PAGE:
Running stitchAfter “finger pressing” the seams open I used a hand sewn running stitch to hold the seams in place.  When you do this make sure you don’t go through all four layers (the fashion fabric, underlining pressed back onto the underlining, and fashion fabric) only go through three layers, stopping at the underlining that is against the outer fashion fabric.  You don’t want stitches to show on the outside of the fashion fabric.

Don't use Catch StitchNormally I would use a catch stitch to hold seams down, but the faux lamb sheds so bad that the stitches would come loose.

Sewing LayersI sewed the pink and charcoal jacket together separately.  I didn’t use any interfacing or facings because I wanted to keep that soft, pliable, cuddly, bathrobe feeling.  I pinned both jackets together matching at each seam.  Then carefully sewed the whole jacket together around the outer edge, again using the walking foot.

Attaching Inside SeamsI left a pretty big opening along the hem line so that I could turn the jacket right side out and it would still give me enough room to hand tack the two jacket layers together from the inside at some of the major seams. One example was tacking the inside center seam allowance of the charcoal “jacket” to the inside center seam of the pink “jacket”. The reason I tacked it at some of the major seams was to make the jacket layers stay as one and so it would not be able to be pulled apart when taking the jacket off.

Waxing ThreadFor the next step of hand sewing, I waxed some thread with bees wax, pressed it and hand wound it onto a bobbin.  I put it on a bobbin because I knew I would need a lot of thread and I didn’t want to keep going back to the iron.  The bees wax gives the thread more strength and it also keeps it from tangling up so bad.  I needed the strength because I would be going through all four layers.

Hand sew at seamsNot all seams could be tacked together from the inside, so I had to tack some of them from the outside.  I had to put the needle in on the outside of the pink and push it through to the charcoal side and back down again.  With the faux lamb being so thick and having so much texture I could hand tack using a pink thread and it wouldn’t show on the pink side of the jacket or the charcoal side.  Of course I wasn’t taking big stitches, just little bites. I did this along the collar seams, shoulder seams and the armholes.  I wanted the sleeves to stay sewn together so they wouldn’t pull apart when I took the jacket off, or when I wanted to switch the jacket to the other color.

Understitch Pick StitchOnce the sleeves and the bottom of the jacket were hemmed by hand, I did a prick stitch all the way around the whole outer edge of the jacket. This stitch goes through all layers and about every 1/4″, hiding the connecting thread in between the jacket layers.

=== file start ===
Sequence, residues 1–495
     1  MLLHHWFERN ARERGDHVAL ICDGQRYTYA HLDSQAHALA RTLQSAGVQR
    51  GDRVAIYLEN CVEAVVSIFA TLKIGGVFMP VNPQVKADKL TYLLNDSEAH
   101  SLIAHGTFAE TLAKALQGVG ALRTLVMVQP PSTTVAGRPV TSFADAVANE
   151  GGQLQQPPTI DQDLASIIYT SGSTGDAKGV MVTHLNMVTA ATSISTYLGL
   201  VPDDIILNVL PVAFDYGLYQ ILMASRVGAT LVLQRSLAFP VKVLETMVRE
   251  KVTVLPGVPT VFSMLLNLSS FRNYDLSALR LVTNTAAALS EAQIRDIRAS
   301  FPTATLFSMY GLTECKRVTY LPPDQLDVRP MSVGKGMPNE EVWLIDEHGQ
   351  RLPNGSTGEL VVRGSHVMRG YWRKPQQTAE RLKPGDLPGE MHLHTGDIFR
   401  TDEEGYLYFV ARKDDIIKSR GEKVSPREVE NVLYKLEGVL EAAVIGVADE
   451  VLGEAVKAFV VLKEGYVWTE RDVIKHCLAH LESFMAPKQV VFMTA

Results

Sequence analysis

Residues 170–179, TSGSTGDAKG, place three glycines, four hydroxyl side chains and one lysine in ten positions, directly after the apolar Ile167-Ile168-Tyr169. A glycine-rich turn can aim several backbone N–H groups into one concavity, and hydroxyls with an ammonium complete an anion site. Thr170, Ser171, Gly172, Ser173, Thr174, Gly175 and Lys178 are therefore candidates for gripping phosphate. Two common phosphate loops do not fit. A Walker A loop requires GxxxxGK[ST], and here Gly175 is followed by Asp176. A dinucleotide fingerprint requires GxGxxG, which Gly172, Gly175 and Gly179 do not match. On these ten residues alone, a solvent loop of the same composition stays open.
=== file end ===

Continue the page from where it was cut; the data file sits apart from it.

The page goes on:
Invisibile Prick StitchThere again, with the texture of the fabric you cannot see any of the stitches.

Prick Stitch FinishThe reason you want to do this prick stitch all the way around the jacket is to hold all the layers together. This picture shows the left side of the jacket finished with the prick stitch and the right side is not.

Here are some pictures of me in the finished jacket, showing both the charcoal side and the pink side.

Pink JacketGray JacketPink showing liningGray shows Pink LiningPink BackGray BackI love wearing this jacket, it is soooooo comfortable. It feels like a great big fluffy hug!

I hope this jacket will inspire you to make one too.

Don’t be shy, if you have a question feel free to comment and I will answer to the best of my knowledge.

Have Fun with your next creation!!

Martina

18 thoughts on “Reversible Jacket

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  2. Love your post. I’m making a reversible jacket out of silk/rayon velvet and a mid weight crepe de chine. Do you think I need to underline the jackets/each side? If so, why? I never thought of interlining and want to know why you chose that technique. Thanks, Linda

    • Thank you so much. Your jacket sounds beautiful. I love the feel of the jacket with the double underlining. The best way for you to make that decision is to take your velvet and crepe wrong side together and feel it, bend it, fold it and scrunch it to see how it feels. Now take a different fabric that could be the underlining and sandwich it in between and do the same process. Repeat with a second layer of underlining. See how it feels to you. Try a silk organza, it will firm it up a little, try a cotton lawn, try another layer of crepe. Take it the fabric store if you don’t have these in your stash and just try all types of fabric. See how the different combinations feel. If it was just a regular jacket i would use one underlining, but with it being reversible I probably would use two, so both sides would lay the same and the collar and lapel would shape the same. My jacket was the same fabric on both sides, yours is not, so you might even use two different underlinings, one for the velvet and one for the crepe. Let me know what you decide. I don’t know if the comments will let you send a picture, if so i would love to see the finished jacket. Thank you for asking.

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    • Thank you so much. I have tried all types of irons including gravity feed, but my favorite is the Reliable i300. It is quite pricey but it has so much steam. I love it. I have been told that it is not easy to press with if you are left handed because of where the cord is located. So left handers need to press using their right hand. I personally am right hand so I have no issues at all with the iron. You can leave the water in, you don’t have to empty it out each day like some other steam stations. I have had it a couple years, with no issues.

      • I really am most impressed by your fabric weight. 🙂 I had to look up the hand stitches you mentioned, but this is the first time I understood the purpose of each one. The more I understand, the easier it is to feel creatively free. Thanks for your clear tutorial!